So I am saying that The Whig Fallacy has no basis on which to rest itself; neither empirically nor ideally, barring the exception I gladly make (especially in my own regard) for The Word of Jesus.  Just as The Word of Jesus is the watchword to which we refer to obtain validity and authentication for our aims and loving desires to do good deeds; so too we can rest all our understanding and interpretations of history and its deeds and ideas, again on the Word of Jesus as our final measuring rod and estimator.

The Word of Jesus, which is all those red letter words you see printed highlighted in a lot of older Bibles, is able then, and I believe not just for believers of faith but for all people, to stand as The Objective Standard by which to judge human behaviour and intentions. Non-believers are not likely to see that this as so and will probably disagree with me, but nonetheless…..

Now how might I demonstrate practically that what I have argued in piece here is inevitably the case?  I go to our eminent lately deceased author of the book “Time’s Arrow, Time’s Cycle”, and to where he writes:

“Our geological textbooks recount the discovery of deep time

[geological time]

on this whiggish mode, as a victory of superior observation finally freed from constraining superstition. (Each of my subsequent chapters contains a section on this “textbook cardboard” as I call it). In the bad old days, before men rose from their armchairs to look at rocks in the field, biblical limitations of the Mosaic chronology precluded any understanding of our earth’s history. Burnet [17th century theologian author of “The Sacred History of the Earth”] represented this antiscientific irrationalism, so well illustrated by the inclusion of the word “sacred” in his titular description of our planet’s history.  (Never mind that he got into considerable trouble for his allegorical interpretation of the “days” of Genesis as potentially long ages.) Burnet therefore represents the entrenched opposition of church and society to the new ways of observational science.”

Oh how much here in this citation there is to discuss and to wonder at! The author’s values (coincidentally?) coincide precisely with those which the adherents to the ascendancy of science in our time hold fast to, as if they were from sacred books.

His values clearly are rationality, and enlightenment, based on empiricism, and physical observations, together with scientific pursuit and freedom from constraint. All of these values, in the context our author is using them here in his passage, are that same set of the values ubiquitously held across contemporary scientific academic and/or intellectual society.  In practical terms then, there is no distinction to be made between him judging written history as he is doing here, and him judging from that point of view, condemned by him, but adopted by adherents to The Whig Fallacy.

He might retort and say in earnest that those values, that set, he picks out for his own are definitive values; that is they are The Universal Standard for all people at all times and that the ascendancy and the glorious products of the past three centuries of scientific thought are the proof of his claim.  Still I maintain, where might even a hair’s breadth be inserted to distinguish in practice his position from that of The Whig Fallacy?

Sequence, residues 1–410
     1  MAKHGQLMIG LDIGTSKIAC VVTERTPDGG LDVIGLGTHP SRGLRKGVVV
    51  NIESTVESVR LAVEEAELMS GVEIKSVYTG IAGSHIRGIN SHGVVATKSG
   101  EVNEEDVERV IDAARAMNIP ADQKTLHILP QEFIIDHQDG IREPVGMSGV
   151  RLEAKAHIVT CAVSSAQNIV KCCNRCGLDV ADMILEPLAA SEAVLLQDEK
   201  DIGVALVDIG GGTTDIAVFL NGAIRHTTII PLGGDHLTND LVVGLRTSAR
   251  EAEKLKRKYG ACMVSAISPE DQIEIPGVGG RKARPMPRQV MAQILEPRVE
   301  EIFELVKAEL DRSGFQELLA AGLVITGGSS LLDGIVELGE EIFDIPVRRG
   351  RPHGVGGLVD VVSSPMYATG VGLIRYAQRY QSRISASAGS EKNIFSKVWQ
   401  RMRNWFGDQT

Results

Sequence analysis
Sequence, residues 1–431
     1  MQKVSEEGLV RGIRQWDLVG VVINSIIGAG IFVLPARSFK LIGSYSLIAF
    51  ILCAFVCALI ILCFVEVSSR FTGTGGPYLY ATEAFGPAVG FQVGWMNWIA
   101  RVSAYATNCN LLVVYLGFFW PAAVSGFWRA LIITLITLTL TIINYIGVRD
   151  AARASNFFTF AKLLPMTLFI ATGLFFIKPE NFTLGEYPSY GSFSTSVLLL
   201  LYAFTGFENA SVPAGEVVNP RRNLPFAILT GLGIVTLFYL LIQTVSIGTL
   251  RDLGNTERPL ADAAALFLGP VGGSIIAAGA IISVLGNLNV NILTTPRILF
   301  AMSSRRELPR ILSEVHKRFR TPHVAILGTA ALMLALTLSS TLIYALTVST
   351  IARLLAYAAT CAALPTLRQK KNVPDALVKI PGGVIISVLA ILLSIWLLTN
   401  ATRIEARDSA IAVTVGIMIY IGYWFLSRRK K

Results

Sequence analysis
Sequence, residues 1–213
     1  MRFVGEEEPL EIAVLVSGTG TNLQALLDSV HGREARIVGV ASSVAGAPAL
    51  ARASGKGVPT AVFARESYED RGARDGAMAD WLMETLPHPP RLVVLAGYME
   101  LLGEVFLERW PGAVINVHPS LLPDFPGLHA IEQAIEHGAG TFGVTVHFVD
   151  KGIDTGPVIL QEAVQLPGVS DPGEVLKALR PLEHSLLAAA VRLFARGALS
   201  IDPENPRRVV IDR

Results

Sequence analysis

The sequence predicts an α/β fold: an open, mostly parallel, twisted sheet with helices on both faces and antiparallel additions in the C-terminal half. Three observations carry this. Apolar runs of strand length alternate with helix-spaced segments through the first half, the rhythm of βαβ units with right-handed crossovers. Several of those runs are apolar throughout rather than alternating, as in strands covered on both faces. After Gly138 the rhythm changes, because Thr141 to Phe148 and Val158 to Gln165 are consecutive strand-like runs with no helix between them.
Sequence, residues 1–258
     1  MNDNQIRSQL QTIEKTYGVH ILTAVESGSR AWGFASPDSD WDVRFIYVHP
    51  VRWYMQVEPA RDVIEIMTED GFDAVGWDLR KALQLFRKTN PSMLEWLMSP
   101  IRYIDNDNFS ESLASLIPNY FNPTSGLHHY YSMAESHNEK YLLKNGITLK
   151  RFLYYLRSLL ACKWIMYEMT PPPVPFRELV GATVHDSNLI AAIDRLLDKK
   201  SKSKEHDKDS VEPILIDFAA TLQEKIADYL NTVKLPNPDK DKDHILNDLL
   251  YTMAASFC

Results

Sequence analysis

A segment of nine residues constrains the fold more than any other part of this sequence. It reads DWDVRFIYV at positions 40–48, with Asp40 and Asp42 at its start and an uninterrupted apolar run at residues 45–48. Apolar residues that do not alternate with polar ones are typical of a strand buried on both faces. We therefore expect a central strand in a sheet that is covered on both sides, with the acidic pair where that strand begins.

Now take a look at the denominative words he uses in his passage, so as to make an impression upon his readers that he is in the truth in these regards.  These denominative words fall into two groups: the first – those used in praise – the second – those used pejoratively. 

First a list of praise words:

Victory

Superior observation

New ways of observational science

Freed from constraining

Understanding of our earth’s history

Now a list of pejoratives

This whiggish mode

Superstition

Constraining

Textbook cardboard

Bad old days

Precluded

Antiscientific irrationalism

Entrenched opposition

Three of the praise words are used by him rhetorically, in effect inverting their impact to pejorative. We can demonstrate this by coupling them with their object:

Victory                                     )                                  

Superior observation              )

Freed from constraining        )                                    …on this whiggish mode

The sole word of substantive praise then is reserved for its own special object:

New ways of observational science)                …understanding of our earth’s history

The larger list of pejoratives forms a sustained unqualified defamation of:

Burnet and his book

The practice of antiscientific irrationalism

Mosaic and biblical chronology

Our geological textbooks

The old days

The whiggish mode

Constraining superstition

The use of the word “sacred” with the topic “earth history”

Entrenched opposition from church and society

The numbers of praise versus pejorative words nominally at least offer a clue to the level of balance offered here in these arguments made by our author.  He clearly has something to destroy, to debunk, to steamroller. Little toleration; little latitude.

Superstition is used by the author as a synonym for religion.

Religion therefore is said to be constraining

The word sacred is the object of the descriptor antiscientific irrationalism which he uses